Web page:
PwC’s Private Equity Trend Report: Private equity firms take over a total of 214 companies in the DACH region in 2016. Deal value up 83% to €25 billion. More private equity funds to be invested in Germany as a result of the Brexit referendum. Despite the boom, far more conservative financing of deals than before the financial crisis. PwC expert Steve Roberts: “Increasing competition means prices will continue to rise in 2017."
Düsseldorf, February 25th 2017
The DACH region is becoming a new bastion for private equity in Europe. While the European market stagnated at a high overall level, the number of acquisitions by private equity firms in Germany, Austria and Switzerland increased by 28% to 214 in 2016. Investments in this sector totalled €25 billion, an astonishing 83% rise and the best performance since 2007, as the new Private Equity Trend Report by PwC shows. The largest deals were signed in the final quarter of the year. The Frankfurt-based real estate service provider Officefirst was sold to the US investor Blackstone for €3.3 billion while the US Carlyle Group took over the German chemicals company Atotech of the French oil conglomerate Total for €2.9 billion.
“The German market, which was already booming, has again seen a significant boost due to the Brexit referendum. Even private equity companies, which have traditionally been concentrated in the UK, are now looking around for investment targets in continental Europe. And here Germany is particularly attractive because of its strong SMEs and the ‘safe haven’ argument”, says Steve Roberts, Partner and Head of Private Equity at PwC.
The increasing focus on the German-speaking market is reflected in the optimism of investors here, the PwC study shows. Whilst just a third of the 250 international private equity managers surveyed expect growth to continue in 2017, the figure is 43% for German private equity firms. And four out of five German managers are currently satisfied with how their portfolio is performing. The international figure is just 42%.
It is striking that the current private equity boom has far less leverage (less debt) than in the record years leading up to the financial crisis. In 2016 just 8% of German private equity companies financed the majority of their deals with debt; internationally it was 22%. Conversely, half the German portfolio managers were content with a debt ratio of below 40% versus a sixth for the same figure internationally. “The whole sector has become more mature, particularly so for the German private equity firms,” diagnoses Steve Roberts. “The times when returns yielded mainly from financial engineering are over. Private equity funds are now developing their portfolio companies operationally, as can be seen from the increase in holding periods. Key reasons behind this include the high prices on the M&A market which increasingly require equity stories focused on operational improvements. This is the only way for private equity companies to create the value required to earn the returns they need. Today, private equity managers are using digitisation strategies to optimise their portfolio and counter the increase in holding periods as well as low macroeconomic growth rates.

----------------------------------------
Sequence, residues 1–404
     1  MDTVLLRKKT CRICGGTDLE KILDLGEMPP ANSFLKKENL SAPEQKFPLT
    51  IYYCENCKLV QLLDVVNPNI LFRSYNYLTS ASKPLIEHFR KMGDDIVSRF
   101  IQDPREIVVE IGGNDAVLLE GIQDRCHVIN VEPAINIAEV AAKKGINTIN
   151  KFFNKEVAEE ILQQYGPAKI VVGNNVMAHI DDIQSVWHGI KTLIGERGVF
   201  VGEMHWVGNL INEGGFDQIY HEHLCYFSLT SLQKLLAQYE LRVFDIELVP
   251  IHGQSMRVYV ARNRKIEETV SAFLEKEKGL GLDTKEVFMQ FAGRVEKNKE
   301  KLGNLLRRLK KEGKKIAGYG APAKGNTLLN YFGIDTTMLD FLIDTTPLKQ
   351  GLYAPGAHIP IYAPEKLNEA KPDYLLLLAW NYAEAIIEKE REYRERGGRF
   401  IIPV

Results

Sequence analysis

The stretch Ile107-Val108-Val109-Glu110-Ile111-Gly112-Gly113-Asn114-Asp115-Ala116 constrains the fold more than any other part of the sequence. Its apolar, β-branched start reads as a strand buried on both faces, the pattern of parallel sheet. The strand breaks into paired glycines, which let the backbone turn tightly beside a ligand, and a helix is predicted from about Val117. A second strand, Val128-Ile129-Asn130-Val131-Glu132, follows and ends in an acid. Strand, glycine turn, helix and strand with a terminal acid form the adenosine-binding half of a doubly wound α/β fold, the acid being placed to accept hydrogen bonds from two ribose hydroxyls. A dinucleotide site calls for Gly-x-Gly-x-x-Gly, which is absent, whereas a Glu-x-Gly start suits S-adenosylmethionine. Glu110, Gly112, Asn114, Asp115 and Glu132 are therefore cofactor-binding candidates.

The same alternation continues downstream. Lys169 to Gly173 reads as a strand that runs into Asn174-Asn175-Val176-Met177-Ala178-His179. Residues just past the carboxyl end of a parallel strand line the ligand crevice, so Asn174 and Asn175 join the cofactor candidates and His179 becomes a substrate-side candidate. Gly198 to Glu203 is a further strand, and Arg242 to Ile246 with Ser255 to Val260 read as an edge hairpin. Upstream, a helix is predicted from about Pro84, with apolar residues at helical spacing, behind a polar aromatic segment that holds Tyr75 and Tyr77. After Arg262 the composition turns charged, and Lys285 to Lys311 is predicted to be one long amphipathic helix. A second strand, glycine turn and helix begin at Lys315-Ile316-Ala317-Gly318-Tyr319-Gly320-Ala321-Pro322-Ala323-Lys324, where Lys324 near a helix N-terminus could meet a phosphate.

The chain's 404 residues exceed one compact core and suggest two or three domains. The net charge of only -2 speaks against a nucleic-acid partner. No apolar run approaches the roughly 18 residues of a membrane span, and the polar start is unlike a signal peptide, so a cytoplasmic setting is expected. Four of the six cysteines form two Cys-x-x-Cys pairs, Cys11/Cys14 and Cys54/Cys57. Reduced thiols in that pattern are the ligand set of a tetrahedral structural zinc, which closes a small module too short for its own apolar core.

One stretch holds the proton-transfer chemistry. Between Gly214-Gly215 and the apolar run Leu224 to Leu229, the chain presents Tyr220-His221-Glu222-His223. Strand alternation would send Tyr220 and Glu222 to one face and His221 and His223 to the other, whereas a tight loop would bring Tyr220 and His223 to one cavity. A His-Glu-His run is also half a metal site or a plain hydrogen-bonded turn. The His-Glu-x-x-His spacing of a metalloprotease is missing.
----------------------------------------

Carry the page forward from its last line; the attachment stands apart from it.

However, the enhanced reputation has led to new players entering the market. An increasing number of players that are actually outside the sector, such as pension funds or insurance companies, are discovering the private equity model for themselves, intensifying the already very intensive price competition. Two out of three financial investors stated in the PwC survey that competitive pressure has increased again in 2016. As a result of this some private equity companies are now struggling to find profitable investment targets for their investors’ money. According to estimates of the research company Preqin, European private equity funds are sitting on $167.8 billion of liquidity, the highest level since 2008.
“Competitive pressure should increase even more in 2017 – in the German market as well,” predicts PwC expert Steve Roberts. “The Chinese are getting gradually serious, as we have seen over the last few years. And many Germany strategic companies have long since switched to buying rather than selling mode.” The positive for some: despite acquisitions becoming more difficult with higher multiples, it becomes proportionately easier for financial investors to find acquirers for their portfolio companies when they want to exit. The number of exits in the DACH region increased to 153 last year, an increase of about 19%. The financial investment company EQT achieved the highest exit sales price in the German-speaking region with the sale of the Hamburg-based Leucoplast manufacturer BSN Medical to the Swedish Tempo producer SCA for €2.7bn.
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